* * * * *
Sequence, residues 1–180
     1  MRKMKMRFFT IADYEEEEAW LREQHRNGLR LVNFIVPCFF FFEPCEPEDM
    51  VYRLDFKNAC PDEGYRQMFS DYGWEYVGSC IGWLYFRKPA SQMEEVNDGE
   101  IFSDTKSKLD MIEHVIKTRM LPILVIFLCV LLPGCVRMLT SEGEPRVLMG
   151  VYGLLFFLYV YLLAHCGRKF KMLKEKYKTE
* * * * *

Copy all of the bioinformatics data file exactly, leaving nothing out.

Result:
Sequence, residues 1–180
     1  MRKMKMRFFT IADYEEEEAW LREQHRNGLR LVNFIVPCFF FFEPCEPEDM
    51  VYRLDFKNAC PDEGYRQMFS DYGWEYVGSC IGWLYFRKPA SQMEEVNDGE
   101  IFSDTKSKLD MIEHVIKTRM LPILVIFLCV LLPGCVRMLT SEGEPRVLMG
   151  VYGLLFFLYV YLLAHCGRKF KMLKEKYKTE